By Justin Davis, Agence France Presse
The Tour de France yellow jersey is set to be decided on the final alpine stage of the race on Wednesday after a dramatic 16th stage which left CSC still in control of the race.
Luxembourg’s Frank Schleck finished the 157km stage from Cueno in Italy to here with his 7-second lead on Austrian Bernhard Kohl intact, with Australian Cadel Evans in third at 08.
Spaniard Carlos Sastre, Schleck’s teammate at the CSC team, is fourth at 49 while Denis Menchov, one of the day’s biggest losers, is now at 1:13behind Schleck after losing time on the day’s final descent.
The standings could change dramatically on the 17th stage, which features two unclassified climbs before the 14km climb to the summit finish of Alpe d’Huez, after Schleck’s CSC team failed to eliminate Evans from the equation.
Evans, of Silence-Lotto, was one of the big winners of the day after two of the riders expected to challenge him in the race’s final time trial, American Christian Vande Velde and Menchov, both lost time on the second of three days in the Alps.
Garmin team leader Vande Velde failed to keep pace with the CSC-led chasing peloton on the way over the Restefond climb and he eventually trailed in to drop to sixth place overall at 3:15 behind Schleck.
Menchov trailed in at 2:03 behind stage winner Cyril Dessel of the AG2R team, although crucially the Russian lost 35secs to all his big rivals.
CSC had planned to attack their rivals in a bid to either reinforce Schleck’s lead or get their co-team leader Sastre into a better position ahead of the 17th stage from Embrun to Alpe d’Huez.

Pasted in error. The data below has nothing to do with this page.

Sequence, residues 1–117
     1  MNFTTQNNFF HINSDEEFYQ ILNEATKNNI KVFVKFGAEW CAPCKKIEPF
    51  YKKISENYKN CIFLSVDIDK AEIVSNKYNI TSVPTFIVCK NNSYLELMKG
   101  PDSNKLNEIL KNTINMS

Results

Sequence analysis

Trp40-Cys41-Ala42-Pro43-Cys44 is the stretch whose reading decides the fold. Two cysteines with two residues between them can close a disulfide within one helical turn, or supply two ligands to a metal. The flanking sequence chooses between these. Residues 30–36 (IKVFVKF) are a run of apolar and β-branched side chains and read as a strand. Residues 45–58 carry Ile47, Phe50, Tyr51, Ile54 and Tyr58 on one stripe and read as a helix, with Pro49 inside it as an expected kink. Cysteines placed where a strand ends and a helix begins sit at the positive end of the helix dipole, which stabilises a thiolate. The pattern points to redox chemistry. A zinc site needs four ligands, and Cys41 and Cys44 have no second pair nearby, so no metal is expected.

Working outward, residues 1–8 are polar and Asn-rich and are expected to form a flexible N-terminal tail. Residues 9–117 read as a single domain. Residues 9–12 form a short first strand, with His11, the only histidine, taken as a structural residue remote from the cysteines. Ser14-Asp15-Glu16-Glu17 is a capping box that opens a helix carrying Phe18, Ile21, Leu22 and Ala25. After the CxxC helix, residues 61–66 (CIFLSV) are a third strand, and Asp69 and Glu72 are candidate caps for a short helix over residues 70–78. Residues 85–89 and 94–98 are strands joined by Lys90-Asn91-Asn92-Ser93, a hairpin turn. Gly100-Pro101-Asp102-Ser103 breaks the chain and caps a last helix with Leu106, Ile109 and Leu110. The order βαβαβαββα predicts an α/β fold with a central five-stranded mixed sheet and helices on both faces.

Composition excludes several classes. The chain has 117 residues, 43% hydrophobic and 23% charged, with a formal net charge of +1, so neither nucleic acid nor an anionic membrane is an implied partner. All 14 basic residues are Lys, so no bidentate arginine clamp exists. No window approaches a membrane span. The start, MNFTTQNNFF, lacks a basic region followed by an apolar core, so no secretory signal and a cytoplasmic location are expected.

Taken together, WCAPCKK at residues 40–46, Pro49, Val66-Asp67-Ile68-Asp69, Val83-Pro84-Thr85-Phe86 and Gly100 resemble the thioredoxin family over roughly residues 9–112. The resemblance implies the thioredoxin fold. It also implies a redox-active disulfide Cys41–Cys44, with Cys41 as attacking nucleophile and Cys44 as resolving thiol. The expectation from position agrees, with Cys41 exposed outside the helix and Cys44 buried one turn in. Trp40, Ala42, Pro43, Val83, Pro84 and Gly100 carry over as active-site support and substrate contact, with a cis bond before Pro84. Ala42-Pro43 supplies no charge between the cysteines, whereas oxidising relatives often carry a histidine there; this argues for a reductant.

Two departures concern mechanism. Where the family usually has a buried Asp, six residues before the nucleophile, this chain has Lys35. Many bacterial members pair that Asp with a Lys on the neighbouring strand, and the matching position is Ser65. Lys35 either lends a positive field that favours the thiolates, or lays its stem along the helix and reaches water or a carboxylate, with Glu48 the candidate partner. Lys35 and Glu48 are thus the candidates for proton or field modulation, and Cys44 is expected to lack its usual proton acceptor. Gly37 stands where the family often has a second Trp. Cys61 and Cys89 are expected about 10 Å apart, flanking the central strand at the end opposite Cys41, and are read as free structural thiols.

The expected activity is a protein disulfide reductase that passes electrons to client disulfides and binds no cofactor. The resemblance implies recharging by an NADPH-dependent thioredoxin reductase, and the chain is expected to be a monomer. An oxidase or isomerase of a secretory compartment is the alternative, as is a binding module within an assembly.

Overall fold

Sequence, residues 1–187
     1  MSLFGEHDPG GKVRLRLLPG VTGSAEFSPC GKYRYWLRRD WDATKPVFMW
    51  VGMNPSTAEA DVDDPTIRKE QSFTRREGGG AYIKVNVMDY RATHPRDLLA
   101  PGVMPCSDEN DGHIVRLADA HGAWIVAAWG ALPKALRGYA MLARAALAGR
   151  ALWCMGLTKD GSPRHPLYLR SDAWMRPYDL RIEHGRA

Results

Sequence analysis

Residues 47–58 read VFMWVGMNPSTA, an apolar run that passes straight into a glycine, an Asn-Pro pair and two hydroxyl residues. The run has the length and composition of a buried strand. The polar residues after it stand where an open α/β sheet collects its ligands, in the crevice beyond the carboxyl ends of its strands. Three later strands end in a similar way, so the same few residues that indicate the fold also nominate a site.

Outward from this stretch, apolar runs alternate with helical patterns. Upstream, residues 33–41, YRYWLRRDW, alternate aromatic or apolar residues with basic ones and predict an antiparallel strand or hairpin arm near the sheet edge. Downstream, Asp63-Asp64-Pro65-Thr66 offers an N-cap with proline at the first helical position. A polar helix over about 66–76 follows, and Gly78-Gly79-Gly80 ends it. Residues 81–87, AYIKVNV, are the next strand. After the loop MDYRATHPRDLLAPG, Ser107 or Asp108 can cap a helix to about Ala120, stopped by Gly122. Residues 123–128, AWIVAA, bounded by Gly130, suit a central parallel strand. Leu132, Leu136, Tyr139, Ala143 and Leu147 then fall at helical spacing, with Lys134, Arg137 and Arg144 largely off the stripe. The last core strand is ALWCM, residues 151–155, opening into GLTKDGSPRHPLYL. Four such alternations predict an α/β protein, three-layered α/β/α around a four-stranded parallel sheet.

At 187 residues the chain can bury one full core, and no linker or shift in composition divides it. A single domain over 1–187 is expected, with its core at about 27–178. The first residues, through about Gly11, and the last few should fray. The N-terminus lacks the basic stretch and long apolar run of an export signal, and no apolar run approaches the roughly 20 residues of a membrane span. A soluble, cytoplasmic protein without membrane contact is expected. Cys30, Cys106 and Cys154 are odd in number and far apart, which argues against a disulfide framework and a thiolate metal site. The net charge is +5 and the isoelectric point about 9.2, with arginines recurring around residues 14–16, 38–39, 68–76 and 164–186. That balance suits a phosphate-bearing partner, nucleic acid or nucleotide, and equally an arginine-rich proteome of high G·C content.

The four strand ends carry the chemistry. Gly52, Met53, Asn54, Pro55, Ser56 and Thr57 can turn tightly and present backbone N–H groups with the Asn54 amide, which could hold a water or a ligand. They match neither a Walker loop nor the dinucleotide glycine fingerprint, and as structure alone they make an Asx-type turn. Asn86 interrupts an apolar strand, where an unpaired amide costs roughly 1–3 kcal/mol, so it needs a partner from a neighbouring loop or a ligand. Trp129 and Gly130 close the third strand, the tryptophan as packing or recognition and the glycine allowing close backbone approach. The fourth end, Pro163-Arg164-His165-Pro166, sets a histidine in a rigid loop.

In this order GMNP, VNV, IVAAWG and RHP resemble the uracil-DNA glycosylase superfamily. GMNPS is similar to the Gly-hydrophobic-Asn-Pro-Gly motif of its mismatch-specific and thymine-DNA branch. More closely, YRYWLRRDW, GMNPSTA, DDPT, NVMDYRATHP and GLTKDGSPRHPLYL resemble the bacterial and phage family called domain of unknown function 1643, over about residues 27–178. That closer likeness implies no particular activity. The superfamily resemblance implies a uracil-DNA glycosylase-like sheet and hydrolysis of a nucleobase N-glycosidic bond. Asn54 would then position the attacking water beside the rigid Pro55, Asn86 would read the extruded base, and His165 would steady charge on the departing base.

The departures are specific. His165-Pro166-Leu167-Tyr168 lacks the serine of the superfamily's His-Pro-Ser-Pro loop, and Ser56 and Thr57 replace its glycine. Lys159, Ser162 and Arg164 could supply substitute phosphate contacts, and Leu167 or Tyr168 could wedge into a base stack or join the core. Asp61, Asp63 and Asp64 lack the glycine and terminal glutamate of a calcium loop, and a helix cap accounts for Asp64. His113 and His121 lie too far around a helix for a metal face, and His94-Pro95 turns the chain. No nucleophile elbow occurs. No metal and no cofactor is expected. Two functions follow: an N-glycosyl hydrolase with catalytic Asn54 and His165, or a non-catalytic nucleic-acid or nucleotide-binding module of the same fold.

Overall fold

However a strong headwind blowing at the top of what is the highest road in Europe, at 2802 metres altitude, forced them to change their plans.
On the descent down to Jausiers Evans momentarily flirted with disaster when he just missed a motorbike belonging to a race official who had stopped to attend to South African John-Lee Augustyn, who had flown over the side.
Evans recovered and used his superb downhill skills eventually coming over the finish line with all the main favourites, save for Menchov, at 1:28 behind Frenchman Dessel.
Dessel had been part of a 28-man group that had earlier gone off in chase of Germany’s Stefan Schumacher, of the Gerolsteiner team.
Schumacher was caught prior to the summit of the Restefond, and then a smaller, four-man group raced down towards the finish where Dessel raced ahead of compatriot Sandy Casar to claim his second win on the race.